of Detroiters report losing a job
during the pandemic
Our research approach focuses on prevention and alleviation of poverty through many levels of intervention. We embrace and encourage action-oriented collaborations with community-based organizations.
We address poverty alleviation and prevention from several angles and paths of study. Explore our key issues for a comprehensive collection of research, data tools, policy briefs and more.
Our working papers, journal articles, and policy briefs examine policies and programs that have the potential to expand economic opportunity and reduce poverty.
Clinical Assistant Professor, University of Michigan Medical School, Department of Psychiatry
Research Professor, Population Studies Center; Research Professor, Survey Research Center; Professor, Gerald R. Ford School of Public Policy; Professor, Sociology
Professor, Health Behavior & Health Education, School of Public Health; Director, Detroit Community-Academic Urban Research Center
Professor of Public Policy, Gerald R. Ford School of Public Policy; Professor of Economics; Research Professor, Survey Research Center; Research Professor, Population Studies Center, Institute for Social Research
Walter H. Annenberg Professor of Education Policy, Professor of Economics Gerald R. Ford School of Public Policy; Professor, School of Education; Professor, Department of Economics, College of Literature, Science, and the Arts
Poverty Solutions supports and collaborates with various research centers housed at the University of Michigan to promote a better understanding of how poverty alleviation efforts intersect with family well-being, racial justice, child health, and other areas of study.
The goal of the Center for Equitable Family and Community Well-Being, led by Social Work Professor Trina Shanks, is to encourage and support win-win university-community engagement efforts by connecting the resources and intellectual strength of the University of Michigan with the passion and social capital of community leaders.
The primary criteria for any of the center’s project work is that it explicitly improve the well-being of families and/or communities and reduce existing inequities. Although there are many partnerships and models of engaged research that take place between the university and external individuals or groups, the work is often disconnected, especially as they show up in the Detroit metropolitan area. The methodology introduced by the center is intentional about connecting other U-M centers and initiatives around center projects and associated goals.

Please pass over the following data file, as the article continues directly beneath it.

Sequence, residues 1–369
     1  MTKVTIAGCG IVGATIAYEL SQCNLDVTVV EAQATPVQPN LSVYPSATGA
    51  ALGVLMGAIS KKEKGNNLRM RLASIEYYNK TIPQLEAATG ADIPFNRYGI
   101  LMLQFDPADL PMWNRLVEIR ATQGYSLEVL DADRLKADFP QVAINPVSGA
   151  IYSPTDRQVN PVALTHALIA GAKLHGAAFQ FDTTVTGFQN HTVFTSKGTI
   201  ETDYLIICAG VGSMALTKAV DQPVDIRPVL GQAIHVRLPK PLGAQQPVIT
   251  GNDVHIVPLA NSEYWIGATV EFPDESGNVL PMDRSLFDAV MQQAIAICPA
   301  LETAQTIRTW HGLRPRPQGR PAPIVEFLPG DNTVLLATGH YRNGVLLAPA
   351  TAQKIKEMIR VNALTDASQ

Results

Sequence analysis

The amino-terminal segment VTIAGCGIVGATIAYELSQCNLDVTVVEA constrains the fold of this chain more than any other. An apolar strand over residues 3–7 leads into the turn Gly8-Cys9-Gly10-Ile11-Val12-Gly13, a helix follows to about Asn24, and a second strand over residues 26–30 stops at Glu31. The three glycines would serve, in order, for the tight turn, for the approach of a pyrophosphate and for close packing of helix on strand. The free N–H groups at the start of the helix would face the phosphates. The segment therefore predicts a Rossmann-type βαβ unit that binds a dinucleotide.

The Program on Equity In Child Health (PECH) at Mott Hospital aims to examine the potential for inequity resulting from variation in the actual care provided by clinicians and hospital personnel to children and their families. Considerable research demonstrates differences by gender, income, race and ethnicity in the way adult patients are provided care across numerous conditions. However, with very rare exceptions, similar studies have not been conducted with regard to the care of children.
This program provides the first critical steps in beginning a process to assess the perceptions of inequities at Mott Hospital. Discussions with nursing, clerical, and therapy staff have identified several potential areas where hypothesized inequities in the way families are provided care may exist. Three of these areas were prioritized by the leadership of Mott Hospital for initial assessment. If inequities are found, the Quality Improvement Department at Mott Hospital will design and implement QI programs to address them.
The Center for Racial Justice is a cross-disciplinary hub that aims to foster deep relationships between research and advocacy to uncover the voices of the unjustly silenced, challenge us to live up to our democratic ideals, and offer sound policy prescriptions for a more equitable and just society. Housed at the Gerald R. Ford School of Public Policy at U-M, the center directly invests in collaborations between social/racial justice changemakers— activists, artists, policy advocates, and policymakers. Together, we develop new tools and strategies in the pursuit of racial justice, resulting in better policy solutions and the cultivation of the next generation of high-impact leaders and thinkers.
The Center for Racial Justice is led by Celeste Watkins-Hayes, the Jean E. Fairfax Collegiate Professor of Public Policy, University Diversity and Social Transformation Professor, and professor of sociology. Learn more.